And I am still leaving stuff out. Why is this all under good? Well, I often complain that you have the actors and the equipment, you might as well do something interesting. And Godmonster of Indian Flats certainly took that advice to heart.

The Bad

The Bad: There is a line between interesting and entertaining. I can watch Day of the Animals, The Swarm, or even Night of the Lepus dozens of times. I am always entertained. I think one viewing of Godmonster of Indian Flats was enough for me.

The other stuff is interesting and entertaining in bits but never seems to coalesce. There is a way to pull this kind of thing off. The end of the film made me wish that Jason Robards was going to show up in clown makeup and pull everything together. Alas, that did not happen.

The Ugly

The Ugly: As a mutated animal attack motion picture, Godmonster of Indian Flats is a complete failure. The monster barely scares a person to death. And as a monster, the Godmonster is kind of hard to look at. It is scary but the way excessive moles and back hair are scary.

While I found other scenes entertaining in a jaw dropping kind of way. (The lynching is really well done and, as a result, is completely out of tone with the rest of the movie.) None of the other scenes really stick. Zardoz may have an equally incomprehensible plot as Godmonster, but Zardoz also has a giant floating head, gratuitous nudity, and Sean Connery in a red leather onesie.

In Conclusion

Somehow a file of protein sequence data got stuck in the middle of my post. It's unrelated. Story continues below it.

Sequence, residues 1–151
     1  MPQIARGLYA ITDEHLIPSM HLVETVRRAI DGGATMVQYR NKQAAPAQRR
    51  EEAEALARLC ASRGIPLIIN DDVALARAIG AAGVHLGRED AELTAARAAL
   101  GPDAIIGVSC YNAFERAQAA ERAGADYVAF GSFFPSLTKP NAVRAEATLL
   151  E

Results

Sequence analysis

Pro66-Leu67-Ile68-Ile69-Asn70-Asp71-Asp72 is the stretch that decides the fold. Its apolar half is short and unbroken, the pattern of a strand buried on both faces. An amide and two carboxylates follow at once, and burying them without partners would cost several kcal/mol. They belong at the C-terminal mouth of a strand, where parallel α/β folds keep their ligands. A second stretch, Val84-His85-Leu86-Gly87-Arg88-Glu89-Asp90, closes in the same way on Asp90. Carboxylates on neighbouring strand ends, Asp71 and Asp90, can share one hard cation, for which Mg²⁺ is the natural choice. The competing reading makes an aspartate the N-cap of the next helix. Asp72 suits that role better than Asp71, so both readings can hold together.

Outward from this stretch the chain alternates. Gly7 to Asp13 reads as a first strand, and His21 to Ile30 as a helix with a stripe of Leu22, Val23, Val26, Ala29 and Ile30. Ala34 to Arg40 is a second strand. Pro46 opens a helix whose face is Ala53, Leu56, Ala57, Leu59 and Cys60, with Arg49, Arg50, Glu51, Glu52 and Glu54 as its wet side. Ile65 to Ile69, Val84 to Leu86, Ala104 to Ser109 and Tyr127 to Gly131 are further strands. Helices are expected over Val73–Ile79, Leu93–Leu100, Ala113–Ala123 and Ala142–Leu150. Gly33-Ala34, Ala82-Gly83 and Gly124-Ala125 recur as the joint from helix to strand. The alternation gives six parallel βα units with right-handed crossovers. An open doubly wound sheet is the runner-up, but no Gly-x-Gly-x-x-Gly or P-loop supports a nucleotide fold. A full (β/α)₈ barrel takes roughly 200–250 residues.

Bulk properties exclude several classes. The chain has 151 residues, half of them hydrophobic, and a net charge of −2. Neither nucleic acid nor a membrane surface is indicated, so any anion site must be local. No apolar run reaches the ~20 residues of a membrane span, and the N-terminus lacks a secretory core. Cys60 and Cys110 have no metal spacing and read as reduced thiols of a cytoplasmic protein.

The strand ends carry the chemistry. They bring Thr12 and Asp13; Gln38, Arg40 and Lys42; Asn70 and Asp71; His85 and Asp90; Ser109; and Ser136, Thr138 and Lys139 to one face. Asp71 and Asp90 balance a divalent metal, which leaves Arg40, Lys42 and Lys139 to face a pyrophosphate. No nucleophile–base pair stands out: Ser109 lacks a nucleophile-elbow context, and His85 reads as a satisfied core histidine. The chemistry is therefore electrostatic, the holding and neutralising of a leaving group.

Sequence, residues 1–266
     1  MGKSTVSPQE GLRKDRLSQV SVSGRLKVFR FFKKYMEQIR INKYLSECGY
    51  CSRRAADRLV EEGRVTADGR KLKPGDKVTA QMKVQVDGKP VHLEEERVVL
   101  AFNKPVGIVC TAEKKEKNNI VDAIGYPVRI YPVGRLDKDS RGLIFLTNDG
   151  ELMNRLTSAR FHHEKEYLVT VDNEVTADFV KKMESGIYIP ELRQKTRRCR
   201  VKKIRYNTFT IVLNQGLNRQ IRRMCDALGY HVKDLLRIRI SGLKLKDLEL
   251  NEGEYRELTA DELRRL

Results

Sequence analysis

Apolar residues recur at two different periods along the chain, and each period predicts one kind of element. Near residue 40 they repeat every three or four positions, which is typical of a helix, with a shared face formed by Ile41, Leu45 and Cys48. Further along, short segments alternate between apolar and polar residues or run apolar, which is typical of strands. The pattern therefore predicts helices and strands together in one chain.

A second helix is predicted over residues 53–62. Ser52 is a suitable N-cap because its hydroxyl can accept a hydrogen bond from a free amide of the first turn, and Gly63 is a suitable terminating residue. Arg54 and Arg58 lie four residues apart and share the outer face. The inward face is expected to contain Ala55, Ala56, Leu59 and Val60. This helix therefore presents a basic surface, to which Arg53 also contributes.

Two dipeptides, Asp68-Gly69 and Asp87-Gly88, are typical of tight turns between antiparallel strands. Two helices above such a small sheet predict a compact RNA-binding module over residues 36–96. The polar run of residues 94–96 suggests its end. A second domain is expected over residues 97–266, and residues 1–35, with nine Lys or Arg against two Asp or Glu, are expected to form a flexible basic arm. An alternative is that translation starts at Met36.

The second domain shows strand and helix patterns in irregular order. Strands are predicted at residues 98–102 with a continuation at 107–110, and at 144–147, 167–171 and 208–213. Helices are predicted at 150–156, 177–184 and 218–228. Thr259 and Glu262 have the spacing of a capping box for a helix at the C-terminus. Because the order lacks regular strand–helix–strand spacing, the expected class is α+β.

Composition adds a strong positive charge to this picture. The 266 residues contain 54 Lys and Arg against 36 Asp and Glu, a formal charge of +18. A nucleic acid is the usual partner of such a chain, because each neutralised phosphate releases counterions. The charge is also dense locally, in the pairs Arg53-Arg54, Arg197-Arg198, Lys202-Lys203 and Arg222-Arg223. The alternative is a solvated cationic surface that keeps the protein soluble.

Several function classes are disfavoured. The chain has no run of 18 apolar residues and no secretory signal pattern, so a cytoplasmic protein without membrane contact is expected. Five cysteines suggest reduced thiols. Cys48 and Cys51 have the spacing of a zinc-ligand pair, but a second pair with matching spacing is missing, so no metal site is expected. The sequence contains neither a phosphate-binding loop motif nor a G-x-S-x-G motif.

In Conclusion: For those who thought McCabe & Mrs. Miller lacked mutated sheep, Godmonster fills a cinematic gap. For everyone else, well, it is worth a watch if just to experience the craziness on screen. I cannot ever see myself watching it again and, unlike other similar films, I don’t see myself sharing the experience as well.

RiffTrax Review

Rifftrax: Godmonster of Indian Flats (2018): 7 out of 10: Rifftrax unsurprisingly is the preferred way to view this um… film. There is a classic Rifftrax line. So the Mad Scientist says we got to keep it in a state of hibernation and Mike lands “I suggest having it try to follow the plot of this movie. ”

There is also an excellent Ready Player One reference which warms my 372 Pages heart (I see that both Michael J Nelson and Conor Lastowka are credit as writers).

If there is an issue with the riffing, it would be a lack of good running gags throughout the film. Now, this is an understandable challenge. Godmonster changes genres every five minutes. The boys are so confused and overwhelmed by the nonsense on the screen they barely know where to interject. The poor film practically riffs itself.

RiffTrax: Godmonster of Indian Flats (2018) is a solid effort with a few standouts. Considering the chaos on the screen, I am not sure we could ask for much more.

Godmonster’s Origin Story (Thankfully not pictured)
This scene gives me delightful Tenpenny Tower vibes. I can almost envision the Lone Wander assisting Mr. Burke and setting off the Nuke in Megaton.